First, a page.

Brian Mitchell is the living legend I am talking about, later in his career he would pay for all the sins of the past he could not control, let alone the fact that he was the people’s champion, fighting and making friends with great black fighters of the past. He was informed by the World Boxing Association not/never to defend his World Championship Title in SOUTH AFRICAN grounds. WBA ordered him not to do so because they did not agree with the apartheid government policies between blacks and whites. How unfair was that to the champion? a never heard of indeed, even to date. Life can be very strange, I must say, hence you will often hear wise men saying “IN WAR, INNOCENT MEN BECOME VICTIMS OF CIRCUMSTANCES”
Did he stopped as I would have? No ways, not Brian. He went on to defend his WBA title 12 times abroad, beating each and every opponent in his back yard just like he did to the South African fighters when he defended his SA jnr lightweight title 9 times without a single loss.
Brian Michell’s achievements as a boxer and after his boxing career are extra ordinary.
Brian Mitchell is,
- The former South African Jnr Lightweight Champion,
- The former WBA world Jnr Lightweight Champion,
- The former IBF world Jnr Lightweight Champion,
- The 2009 Inducted Hall of Fame (HOF)
- The boxing manager/trainer
- The boxing commentator
- The motivational speaker
- The owner of the stand-up show “The Road Warrior”
His impressive professional boxing record is 49 fights, 21 knockouts, 3 draws and 1 loss in a period of 15 years.
The 1 loss he suffered, was reversed 3 more times against Jacob “Dancing Shoes” Morake
I sometimes feel I am being biased when I analyze Brian Mitchell’s career, maybe I like the guy so much, nevertheless, I feel the first fight was premature and the reasons are as follows.
Brian had 6 fights going to the fight of Jacob “Dancing Shoes” Morake, 3 of Brian fights was scheduled for 4 rounds and the other 3 was scheduled for 6 rounds, and the man he was facing in the 10 round fight was a formidable smooth fighter, who was sliding down below in his feet and blazing with his hand speed, Jacob “Dancing Shoes” Morake. He had 23 fights going to that fight and he was among the top real men of the division. Maybe Toweel the promoter/manager took it a bit far for Brian. The interesting thing, is the fact that Brian was just as competitive against Morake.
Morake won the fight on 1982 in Kwa-Thema Civic Centre, Springs.
The next fight was on 1983 at Wembley Sports Pavilion, Johannesburg, Brian Mitchell defeated Morake by split decision for the SA Jnr Lightweight Title.
The following fight was in Kwa Thema Civic Centre, Springs once again on 1984, and Brian defended his SA Jnr Lightweight Title by unanimous decision.
Their tragic fourth encounter in Sun City (Superbowl) on the 2nd November 1985, was the last fight of Dancing Shoes Morake, he was stopped by Mitchell in round 12, after he took Mitchell’s punches, he went down, snapped the back of the head/neck in the lower rope of the ring, and was unconscious. On the following day, the 3rd November 1984 at the age of 30, Morake died due to the injuries sustained in the bout.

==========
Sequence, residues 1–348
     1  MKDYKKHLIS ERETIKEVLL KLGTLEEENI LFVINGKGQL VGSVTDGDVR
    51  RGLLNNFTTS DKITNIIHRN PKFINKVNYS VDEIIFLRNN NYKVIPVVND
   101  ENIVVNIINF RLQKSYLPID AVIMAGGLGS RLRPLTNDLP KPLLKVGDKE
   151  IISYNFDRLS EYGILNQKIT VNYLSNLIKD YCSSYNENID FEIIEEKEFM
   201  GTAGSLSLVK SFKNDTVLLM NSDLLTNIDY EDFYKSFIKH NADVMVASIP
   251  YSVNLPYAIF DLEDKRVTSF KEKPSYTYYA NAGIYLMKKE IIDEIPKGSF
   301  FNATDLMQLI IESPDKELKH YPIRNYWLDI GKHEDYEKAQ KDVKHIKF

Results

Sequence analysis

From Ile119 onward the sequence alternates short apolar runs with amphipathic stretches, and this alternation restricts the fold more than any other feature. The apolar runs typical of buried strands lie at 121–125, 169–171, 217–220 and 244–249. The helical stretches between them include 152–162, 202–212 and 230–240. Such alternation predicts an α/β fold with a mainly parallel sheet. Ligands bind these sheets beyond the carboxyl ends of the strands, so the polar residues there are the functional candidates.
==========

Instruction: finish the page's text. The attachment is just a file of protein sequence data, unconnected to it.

The loss affected Brian because Dancing Shoes was not only the opponent to him, he was a friend and a brother. They sparred and trained together many times before their tragedy fight.
“His loss made me invincible when I challenged Alfredo Layne, let me be honest with you Malibongwe, I went in that fight willing to die for that world championship belt” he explained.
Some of the 3 draws were controversial, but nevertheless they were all avenged, anyway who cares?
- Brian had a draw fight with Frank over 6 rounds on 30th Jul 1982 in Mphatlalatsane Amphitheatre, Sebokeng,
- Brian beat Frank on the 15th October 1982 in Diepkloof Community Hall, Soweto, Johannesburg by split decision
- Brian beat Frank on the 21st November 1983 in Wembley Sports Pavilion, Johannesburg by unanimous decision
- Brian had a draw fight with Jose over 15 rounds on 27th Mar 1987 in Coliseo Roberto Clemente, San Juan, for the WBA title
- Brian beat Jose on the 26th April 1986 in Coliseo Roberto Clemente, San Juan, and defended his title with a unanimous decision
- Brian had a draw fight with Tony over 12 rounds on 15th Mar 1991 in Arco Arena, Sacramento, for the WBA/IBF titles
- Brian beat Tony on the 13th Sep 1991 in Coliseo Roberto Clemente, San Juan, and won the IBF jnr lightweight title by unanimous decision
In conclusion, Brian Mitchell won against every man he ever fought in professional boxing, and that to me sounds undefeated…
Ladies and gentlemen maliboxing is pleased to present to you the HOF Brian Mitchell
Enjoy the boxing chat from the boxing fanatics
2 thoughts on “Brian “The Road Warrior” Mitchell”
The amount of knowledge and history you have my brother is amaZing. An oasis of liquid gold.